Fredrik Leek, Jan Johansson - Tillväxtbloggen

Startups part 3 – VC thinking

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What is ‘Venture Capital’ (VC)?

A venture capitalist is a person who invests in a business venture, providing capital for promising startup or young businesses that have a high potential for growth. These investors(persons or firms) seek high rates of return by (typically) investing in IT, bio-pharmaceuticals, clean technologies etc. These investments obviously come with substantial risk.

Understanding how Venture Capital Funding Business Models work might help start ups better secure needed funding.

First of all everyone needs to understand that this is a “Numbers Game”. Horsley Bridge distributed anonymous historical data on investment returns of hundreds of VC funds they have invested in since 1985 and found “6% of investments representing 4.5% of dollars invested generated ~60% of the total returns”. Meaning that these investors are aware that a substantial number of their companies will fail, however the ones that succeed typically excel. For this model to work VC’s must find the next “rocket ship” in order continue funding the next new venture. Babe Ruth Effect in Venture Capital.

Now just because we said that these VC’s are aware that many of their investments will fail, does not mean they are going to throw money at you just for showing up. Scalability is extremely important! Depending on the individual investing profile of the VC they will require a different level of growth potential (3X, 10X, 50X+) in order for the start up to secure funding.

Every VC has their own investing profile. These profiles are typically defined based on previous experience, the amount of capital that is able to be invested, a level of risk analysis, and a number of market calculations. These evolution tools can be extremely complex and utilise AI (machine learning) to the decision making process. For a regional list of VC requirements in Swedish.

At the risk of over simplifying the entire process VC’s need to see three things in order to invest:

  1. A clear market problem
  2. Large (normally global) growth potential
  3. Have the ability to generate revenue

Building a company in Northern Sweden is a bit unique and creates both, benefits and challenges.


  • Resources (Top Management, VC’s, Incubators, Universities) are approachable
  • Sweden (in general) early adopter mentality
  • Broadband Internet Levels / Technical competencies


  • Small Local, and Regional market size in most industries
  • Distance to major centres (Stockholm)
  • Recruitment challenges, finding the right people for growth companies.

Another thing to remember is that these VC firms get pitched daily/weekly/monthly, this is their business. A small VC firm in Stockholm may evaluate 150 potential investments each year and invest in 4-7 companies. We recommend that any project looking for funding to do their homework on their VC (know their preferences and investing profile) and to be prepared to answer the tough questions. Good luck!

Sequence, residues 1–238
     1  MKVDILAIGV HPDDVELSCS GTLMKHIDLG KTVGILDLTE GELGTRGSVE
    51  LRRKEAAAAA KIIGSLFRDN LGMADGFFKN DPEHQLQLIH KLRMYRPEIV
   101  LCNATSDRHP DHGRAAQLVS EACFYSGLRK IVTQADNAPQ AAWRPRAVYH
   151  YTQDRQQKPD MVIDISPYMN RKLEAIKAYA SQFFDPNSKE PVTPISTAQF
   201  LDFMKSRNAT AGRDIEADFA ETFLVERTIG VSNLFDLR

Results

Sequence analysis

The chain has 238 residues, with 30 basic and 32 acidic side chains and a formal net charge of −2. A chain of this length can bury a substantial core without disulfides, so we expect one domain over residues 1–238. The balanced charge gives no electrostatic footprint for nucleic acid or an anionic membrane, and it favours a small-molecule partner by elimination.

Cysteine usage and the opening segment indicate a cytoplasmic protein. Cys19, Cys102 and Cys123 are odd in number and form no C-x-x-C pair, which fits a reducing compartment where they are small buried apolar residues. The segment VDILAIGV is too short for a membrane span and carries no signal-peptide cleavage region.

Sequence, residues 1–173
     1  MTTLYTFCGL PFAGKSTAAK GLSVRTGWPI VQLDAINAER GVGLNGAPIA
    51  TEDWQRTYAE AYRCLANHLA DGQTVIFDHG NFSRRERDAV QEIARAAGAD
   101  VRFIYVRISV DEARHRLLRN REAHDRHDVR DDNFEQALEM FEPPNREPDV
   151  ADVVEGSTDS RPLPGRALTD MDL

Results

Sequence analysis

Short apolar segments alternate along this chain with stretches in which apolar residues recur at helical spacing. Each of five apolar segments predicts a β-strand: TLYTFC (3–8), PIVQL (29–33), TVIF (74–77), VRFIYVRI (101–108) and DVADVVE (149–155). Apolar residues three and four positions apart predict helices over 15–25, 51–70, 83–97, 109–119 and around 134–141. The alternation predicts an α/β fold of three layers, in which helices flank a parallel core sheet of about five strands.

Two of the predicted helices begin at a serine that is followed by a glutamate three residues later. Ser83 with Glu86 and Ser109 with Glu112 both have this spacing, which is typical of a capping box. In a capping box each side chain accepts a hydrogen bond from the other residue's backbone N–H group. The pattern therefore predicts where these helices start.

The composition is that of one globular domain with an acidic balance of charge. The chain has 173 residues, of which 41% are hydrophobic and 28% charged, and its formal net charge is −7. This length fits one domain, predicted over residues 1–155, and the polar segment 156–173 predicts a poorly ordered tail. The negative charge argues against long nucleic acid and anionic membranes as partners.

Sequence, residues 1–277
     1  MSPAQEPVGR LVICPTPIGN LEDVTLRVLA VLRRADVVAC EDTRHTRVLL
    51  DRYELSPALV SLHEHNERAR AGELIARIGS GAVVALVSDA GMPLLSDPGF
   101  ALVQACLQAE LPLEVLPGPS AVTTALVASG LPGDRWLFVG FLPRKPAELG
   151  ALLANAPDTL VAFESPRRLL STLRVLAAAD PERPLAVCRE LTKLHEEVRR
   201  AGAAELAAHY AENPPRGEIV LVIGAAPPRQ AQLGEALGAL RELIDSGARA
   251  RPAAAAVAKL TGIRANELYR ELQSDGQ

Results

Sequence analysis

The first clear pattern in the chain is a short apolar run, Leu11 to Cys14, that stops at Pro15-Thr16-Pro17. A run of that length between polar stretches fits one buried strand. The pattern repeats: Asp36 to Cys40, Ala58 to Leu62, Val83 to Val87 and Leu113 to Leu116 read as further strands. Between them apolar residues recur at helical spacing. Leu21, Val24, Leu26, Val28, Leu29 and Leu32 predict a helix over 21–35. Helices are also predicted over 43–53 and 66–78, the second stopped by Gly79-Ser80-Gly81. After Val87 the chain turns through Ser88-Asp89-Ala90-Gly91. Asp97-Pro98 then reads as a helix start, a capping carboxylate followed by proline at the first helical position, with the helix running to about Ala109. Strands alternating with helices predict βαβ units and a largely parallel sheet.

Image Sources:
Bolurfrushan, A. (2015).Venture Capital As The Future Of Innovation. Entrepreneur Middle East. Venture Capital. Available at: Image credit: Shutterstock

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Startups part 2 – Avoiding the common traps

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Yesterday the regional finals of Venture Cup were held. Some of the winners are from this region

And regardless of which definition you personally use to describe Startups there are common pitfalls (or traps) that new ventures can fall into. The complete list of hardships that Startups can face is essentially endless, in this blog we discuss 3.

1) Funding vs Selling
Startups that fall into this pitfall get caught in the mentality that the end goal is to obtain funding to continue building or developing their technology. Resources are internally focused (pitch training, UX, roadmaps) and these projects do not focus on actually trying to sell or talk to the market the same way traditional customer focused organisation would. This mentality can be called “Field of Dreams” thinking (from the 1980’s movie staring Kevin Costner) where “If you build it they will come” customer acquisition strategies are practiced.

Is Unicorn hype affecting the way in which we develop companies? Instagram was acquired by Facebook for 1 Billion USD with 13 Employees in 2012 . This type of exit may not be possible for most new companies.

2) Launch Plans
In many cases Startups severely underestimate the resources required after the “platform” is launched.

There are very few actual launches, most projects simply have Go-Live Dates. The resources needed to launch and to keep momentum moving forward are often underestimated or completely forgotten about. A few common underdeveloped areas that can be seen:

  • Launch Communication (how are people going to know that the platform is up and running)
  • The anticipation and time needed to troubleshoot and fix bugs.
  • Processes and channels to gather feedback from customers or users.
  • Post launch sales targets

3) Scalability